Eighth, at least in my own eight visits to the region from October 2014 to March 2016, the Israel-Palestine conflict is no longer the primary narrative through which Sunni Arab Muslims understand themselves. Rather, the twin crises of Iran and ISIS are what now dominate discussion, with the latter viewed by some as a buffer against the former. Meanwhile, everyone knows Israel’s redlines. There is no doubt that Israel will take action if its redlines are crossed.
Elements of a Grand Strategy for the Middle East
On 16 May 2016, the Iraq-Syria area will mark the 100th anniversary of the Sykes-Picot agreement: a secret agreement between the French and the British about how to divide up the Levant (with imperial Russian assent, although the Bolsheviks would later make the treaty public.) Today the treaty is short-hand for colonial (great) powers drawing boundaries without the consent of the peoples who lived there. It is also a reminder that since the end of World War I and the Ottoman Empire, there have been too few examples of effective governance in the Muslim-majority countries of the Middle East. This lack of governance—from providing public services to treating minorities with equal respect—has contributed directly to the rise of a terrorism that is motivated by its own manipulated understanding of Islam, while simultaneously using the injustice of the authoritarian-apostate regimes to its advantage.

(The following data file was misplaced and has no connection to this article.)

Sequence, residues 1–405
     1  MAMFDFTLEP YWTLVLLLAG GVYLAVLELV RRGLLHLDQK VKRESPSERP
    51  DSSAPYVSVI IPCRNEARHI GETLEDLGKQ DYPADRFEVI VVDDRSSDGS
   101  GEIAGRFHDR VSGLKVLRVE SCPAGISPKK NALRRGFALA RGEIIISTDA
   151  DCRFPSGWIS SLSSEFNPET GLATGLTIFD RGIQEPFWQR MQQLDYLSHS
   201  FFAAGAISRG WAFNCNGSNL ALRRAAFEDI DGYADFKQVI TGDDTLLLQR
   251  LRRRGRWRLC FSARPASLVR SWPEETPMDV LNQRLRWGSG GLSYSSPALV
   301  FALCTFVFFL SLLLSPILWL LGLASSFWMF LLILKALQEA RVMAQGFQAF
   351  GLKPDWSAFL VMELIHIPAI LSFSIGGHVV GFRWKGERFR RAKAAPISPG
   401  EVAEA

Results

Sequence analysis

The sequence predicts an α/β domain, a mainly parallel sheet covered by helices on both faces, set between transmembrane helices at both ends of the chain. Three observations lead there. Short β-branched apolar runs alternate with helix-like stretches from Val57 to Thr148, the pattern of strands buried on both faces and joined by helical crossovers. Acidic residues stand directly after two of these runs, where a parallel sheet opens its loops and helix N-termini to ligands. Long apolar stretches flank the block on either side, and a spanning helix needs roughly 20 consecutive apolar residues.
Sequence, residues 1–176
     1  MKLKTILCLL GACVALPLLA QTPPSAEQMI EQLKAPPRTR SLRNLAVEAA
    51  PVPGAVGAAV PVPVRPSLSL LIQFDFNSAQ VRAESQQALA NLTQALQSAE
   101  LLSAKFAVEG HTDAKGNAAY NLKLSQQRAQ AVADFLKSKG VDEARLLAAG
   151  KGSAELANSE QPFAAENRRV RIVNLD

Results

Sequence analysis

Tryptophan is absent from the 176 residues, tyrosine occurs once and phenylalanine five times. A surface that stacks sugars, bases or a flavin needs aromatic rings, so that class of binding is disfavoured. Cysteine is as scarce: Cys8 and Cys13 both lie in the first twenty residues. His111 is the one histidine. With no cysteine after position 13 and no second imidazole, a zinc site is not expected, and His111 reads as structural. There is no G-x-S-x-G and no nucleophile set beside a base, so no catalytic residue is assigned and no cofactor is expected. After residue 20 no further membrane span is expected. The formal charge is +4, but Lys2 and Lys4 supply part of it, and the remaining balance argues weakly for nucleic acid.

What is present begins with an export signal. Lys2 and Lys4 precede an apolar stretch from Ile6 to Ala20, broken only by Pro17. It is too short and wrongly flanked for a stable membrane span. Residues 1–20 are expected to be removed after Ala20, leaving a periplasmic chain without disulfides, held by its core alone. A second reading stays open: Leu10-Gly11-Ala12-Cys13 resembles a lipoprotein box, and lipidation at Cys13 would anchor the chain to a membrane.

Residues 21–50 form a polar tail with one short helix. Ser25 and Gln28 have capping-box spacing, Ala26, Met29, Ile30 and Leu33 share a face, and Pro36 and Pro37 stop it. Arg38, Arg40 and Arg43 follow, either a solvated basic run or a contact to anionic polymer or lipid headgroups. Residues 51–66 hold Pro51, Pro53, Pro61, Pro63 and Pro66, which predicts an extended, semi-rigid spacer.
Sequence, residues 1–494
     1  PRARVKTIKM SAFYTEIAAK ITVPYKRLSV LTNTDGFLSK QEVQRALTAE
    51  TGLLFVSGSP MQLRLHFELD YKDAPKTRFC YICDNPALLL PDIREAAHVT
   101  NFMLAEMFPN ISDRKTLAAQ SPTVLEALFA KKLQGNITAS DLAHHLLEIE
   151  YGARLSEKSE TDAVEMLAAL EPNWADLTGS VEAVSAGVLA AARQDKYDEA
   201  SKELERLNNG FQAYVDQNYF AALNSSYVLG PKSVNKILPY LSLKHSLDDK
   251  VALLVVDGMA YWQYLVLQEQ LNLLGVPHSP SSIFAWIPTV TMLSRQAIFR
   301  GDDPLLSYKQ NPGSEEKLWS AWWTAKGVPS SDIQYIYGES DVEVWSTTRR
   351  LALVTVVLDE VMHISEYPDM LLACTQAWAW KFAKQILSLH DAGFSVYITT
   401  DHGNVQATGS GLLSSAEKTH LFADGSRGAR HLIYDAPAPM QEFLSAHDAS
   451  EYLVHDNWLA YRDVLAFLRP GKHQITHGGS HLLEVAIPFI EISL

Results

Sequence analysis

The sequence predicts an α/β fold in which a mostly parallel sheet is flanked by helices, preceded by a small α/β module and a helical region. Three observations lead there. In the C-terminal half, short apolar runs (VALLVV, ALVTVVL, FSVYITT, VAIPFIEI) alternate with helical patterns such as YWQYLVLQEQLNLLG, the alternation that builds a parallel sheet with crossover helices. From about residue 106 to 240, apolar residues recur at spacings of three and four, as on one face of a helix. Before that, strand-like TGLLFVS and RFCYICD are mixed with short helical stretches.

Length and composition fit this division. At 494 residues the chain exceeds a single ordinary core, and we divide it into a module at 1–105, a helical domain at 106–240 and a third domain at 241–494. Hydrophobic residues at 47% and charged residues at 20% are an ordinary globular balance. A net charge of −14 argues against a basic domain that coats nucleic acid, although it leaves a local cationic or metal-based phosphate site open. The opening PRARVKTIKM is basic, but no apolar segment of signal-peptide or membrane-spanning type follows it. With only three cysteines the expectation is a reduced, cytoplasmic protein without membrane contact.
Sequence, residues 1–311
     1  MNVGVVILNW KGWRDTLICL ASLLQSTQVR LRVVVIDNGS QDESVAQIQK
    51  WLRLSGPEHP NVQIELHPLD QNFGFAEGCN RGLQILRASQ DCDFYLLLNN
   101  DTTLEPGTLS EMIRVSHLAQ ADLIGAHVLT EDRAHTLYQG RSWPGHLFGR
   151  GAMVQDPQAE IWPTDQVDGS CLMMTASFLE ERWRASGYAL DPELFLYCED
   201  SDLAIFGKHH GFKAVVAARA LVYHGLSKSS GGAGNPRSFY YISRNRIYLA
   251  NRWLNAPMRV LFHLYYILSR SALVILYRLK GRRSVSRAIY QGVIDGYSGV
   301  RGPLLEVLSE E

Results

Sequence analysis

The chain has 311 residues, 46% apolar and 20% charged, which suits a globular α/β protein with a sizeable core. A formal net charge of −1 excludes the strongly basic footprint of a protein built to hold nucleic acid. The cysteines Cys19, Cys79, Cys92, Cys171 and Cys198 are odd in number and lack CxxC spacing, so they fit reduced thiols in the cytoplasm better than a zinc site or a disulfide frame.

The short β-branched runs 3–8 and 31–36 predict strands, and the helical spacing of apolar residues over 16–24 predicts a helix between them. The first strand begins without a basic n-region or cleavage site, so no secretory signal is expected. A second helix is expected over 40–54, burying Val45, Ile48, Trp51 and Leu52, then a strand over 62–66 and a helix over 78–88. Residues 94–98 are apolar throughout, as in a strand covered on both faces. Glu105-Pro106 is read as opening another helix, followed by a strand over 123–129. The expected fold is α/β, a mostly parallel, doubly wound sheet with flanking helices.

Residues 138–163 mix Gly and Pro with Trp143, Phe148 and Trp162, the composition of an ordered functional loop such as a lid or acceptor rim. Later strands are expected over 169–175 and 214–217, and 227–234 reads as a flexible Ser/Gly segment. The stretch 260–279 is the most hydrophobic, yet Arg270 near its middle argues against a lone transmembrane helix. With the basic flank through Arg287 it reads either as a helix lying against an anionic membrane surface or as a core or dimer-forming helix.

No one cared in the West. As long as the region was stable—thereby allowing the oil to flow out of it—Western powers didn’t care who governed, or how. It was only natural that some people in these countries turned to violence against the “near enemy” (Arab authoritarianism), as well as the “far enemy” (those Western countries that supported these Arab dictators, particularly the United States).5 U.S. Secretary of State Condoleezza Rice said as much in 2005:
“For 60 years, the United States pursued stability at the expense of democracy in the Middle East—and we achieved neither. Now, we are taking a different course. We are supporting the democratic aspirations of all people. As President Bush said in his Second Inaugural Address: “America will not impose our style of government on the unwilling. Our goal instead is to help others find their own voice, attain their own freedom, and make their own way” (Rice 2005).
While these instincts are exactly right, they have not been backed up by the practice of American foreign policy. President George W. Bush, of course, had invaded Iraq just two years previously for two reasons. Bush sought to remove the threat of WMD, which were not there, despite consensus among the world’s intelligence communities. He also sought to impose a democratic government that would not be threatened by extremism, precisely because it would develop a strong public square where deep differences could be lived with because they were discussed (and not repressed).